Donald Trump’s HIV-fighting program is under threat in the GOP House

When POLITICO asked Rep. Robert Aderholt (R-Ala.), the chair of the subcommittee overseeing the Department of Health and Human Services’ budget, about the reasoning behind the cut, he cited a need to prioritize.

“It’s one of those things where it’s like, what do you have to have and what would be nice to have?” said Aderholt. “We had to get down to the bare bones of what we really had to have.”

A cut of the size House Republicans envision is a nonstarter in the Democratic-controlled Senate, but advocates fear that the loss of GOP support for the program will make it much harder to sustain the gains made in the last few years, and impossible to achieve Trump’s 2030 goal.

“HIV has historically, and recently, been such a bipartisan issue and such an area of true collaboration that we really didn’t see such an extreme response coming at us,” said Jeremiah Johnson, the executive director of the advocacy group PrEP4ALL.

Republicans have cited the program’s lagging progress toward interim goals set by Trump’s HHS as reason to give up on it.

But advocates of the program who work with people with HIV and the disease it causes, AIDS, say it has made a difference.

Funding from the program has paid for millions of HIV tests and enabled tens of thousands of HIV-positive people to access care, according to HHS. Use of drugs that are effective at preventing infection, known as PrEP, is rising, with 36 percent of people who could benefit from having a prescription in 2023, up from 22.7 percent in 2019, according to preliminary data from the Centers for Disease Control and Prevention.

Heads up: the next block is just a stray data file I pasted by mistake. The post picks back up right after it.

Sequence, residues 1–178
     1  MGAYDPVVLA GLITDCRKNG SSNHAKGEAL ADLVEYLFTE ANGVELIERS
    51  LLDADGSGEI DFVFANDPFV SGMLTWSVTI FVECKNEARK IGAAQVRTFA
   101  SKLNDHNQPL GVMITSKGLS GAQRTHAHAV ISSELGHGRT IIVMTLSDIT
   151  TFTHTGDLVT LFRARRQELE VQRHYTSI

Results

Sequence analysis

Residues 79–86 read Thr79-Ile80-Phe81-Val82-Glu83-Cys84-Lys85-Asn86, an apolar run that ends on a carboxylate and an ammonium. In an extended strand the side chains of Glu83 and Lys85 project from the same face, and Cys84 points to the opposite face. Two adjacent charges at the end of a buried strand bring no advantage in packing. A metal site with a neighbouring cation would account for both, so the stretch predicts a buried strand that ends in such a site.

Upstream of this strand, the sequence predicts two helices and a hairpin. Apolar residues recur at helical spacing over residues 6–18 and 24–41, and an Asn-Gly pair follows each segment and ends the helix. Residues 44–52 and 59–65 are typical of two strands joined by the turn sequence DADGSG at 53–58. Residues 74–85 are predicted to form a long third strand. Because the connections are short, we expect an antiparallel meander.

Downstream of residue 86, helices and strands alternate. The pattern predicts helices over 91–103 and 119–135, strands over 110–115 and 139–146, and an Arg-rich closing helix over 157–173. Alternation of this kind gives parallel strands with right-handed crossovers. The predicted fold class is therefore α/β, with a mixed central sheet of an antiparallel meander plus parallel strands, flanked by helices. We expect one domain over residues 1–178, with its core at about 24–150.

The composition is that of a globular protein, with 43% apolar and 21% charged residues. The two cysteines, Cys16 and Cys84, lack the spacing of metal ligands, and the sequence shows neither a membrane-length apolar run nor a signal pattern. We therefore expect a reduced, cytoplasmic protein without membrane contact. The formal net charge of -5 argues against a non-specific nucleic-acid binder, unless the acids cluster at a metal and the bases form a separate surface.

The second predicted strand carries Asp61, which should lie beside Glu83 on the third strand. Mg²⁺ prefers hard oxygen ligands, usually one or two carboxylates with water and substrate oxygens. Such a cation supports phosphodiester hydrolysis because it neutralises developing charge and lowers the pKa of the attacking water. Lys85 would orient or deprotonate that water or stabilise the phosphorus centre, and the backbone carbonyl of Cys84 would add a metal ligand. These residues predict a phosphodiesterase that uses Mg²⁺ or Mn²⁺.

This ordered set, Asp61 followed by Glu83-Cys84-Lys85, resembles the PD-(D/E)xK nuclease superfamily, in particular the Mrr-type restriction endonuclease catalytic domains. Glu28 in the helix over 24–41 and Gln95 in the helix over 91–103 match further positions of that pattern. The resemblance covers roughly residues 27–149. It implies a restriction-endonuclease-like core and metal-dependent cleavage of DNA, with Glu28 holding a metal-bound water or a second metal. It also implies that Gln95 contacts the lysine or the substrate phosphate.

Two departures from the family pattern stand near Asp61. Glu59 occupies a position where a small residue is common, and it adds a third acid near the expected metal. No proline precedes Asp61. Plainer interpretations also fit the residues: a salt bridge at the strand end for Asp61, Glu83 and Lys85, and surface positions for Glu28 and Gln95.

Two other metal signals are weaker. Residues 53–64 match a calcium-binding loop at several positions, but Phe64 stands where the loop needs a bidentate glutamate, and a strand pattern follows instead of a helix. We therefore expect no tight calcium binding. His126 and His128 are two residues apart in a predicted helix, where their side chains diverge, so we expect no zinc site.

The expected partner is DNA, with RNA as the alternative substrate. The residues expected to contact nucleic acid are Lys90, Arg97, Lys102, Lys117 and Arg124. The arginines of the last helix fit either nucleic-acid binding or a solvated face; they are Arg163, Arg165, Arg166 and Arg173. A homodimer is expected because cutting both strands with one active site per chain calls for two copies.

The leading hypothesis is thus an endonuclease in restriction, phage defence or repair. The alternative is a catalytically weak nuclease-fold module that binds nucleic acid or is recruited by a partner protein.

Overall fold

Advocates have argued that to end the HIV epidemic, PrEP use must be greatly expanded in communities at risk.

The threat to the program has sparked some rare praise of Trump from public health advocates that they hope will resonate with GOP lawmakers.

“I believe that Donald Trump was a very ineffective president in so many ways,” said Brittany Williams, a National Academy of Education fellow who studies Black college women and HIV/AIDS. “I also think he was the most aware, at least in terms of decisions and resources and money and ideas, [of]… what it would actually take to end the HIV epidemic.”

‘A once-distant dream within reach’

In February 2019, in a State of the Union Address delayed by the longest government shutdown in U.S. history, Trump stood before Congress, flanked at the dais by Vice President Mike Pence and Speaker Nancy Pelosi.

There were the usual Trump talking points on the border wall, banning abortions later in pregnancy and anti-China trade policies that garnered applause from only half the room.

But then he turned to HIV.

“In recent years, we have made remarkable progress in the fight against HIV and AIDS. Scientific breakthroughs have brought a once-distant dream within reach,” Trump said. “My budget will ask Democrats and Republicans to make the needed commitment to eliminate the HIV epidemic in the United States within 10 years. We have made incredible strides, incredible. Together, we will defeat AIDS in America and beyond.”

Members of both parties, including Pence and Pelosi, stood in unison and applauded.

Trump’s administration sprang into action, providing more details, including the initiative’s goals of reducing new HIV infections by 75 percent in five years and by 90 percent in 10 years, amounting to more than 250,000 averted infections.

That March, Trump released his budget proposal for fiscal 2020 with $291 million for the new initiative. In both the Republican-controlled Senate and Democrat-controlled House, appropriators agreed to launch the program with $266 million. Since, annual funding has steadily grown, reaching $404 million, $473 million and $573 million for fiscal years 2021, 2022 and 2023, respectively.

The sudden evaporation this year of that consensus around fighting HIV has befuddled Democrats.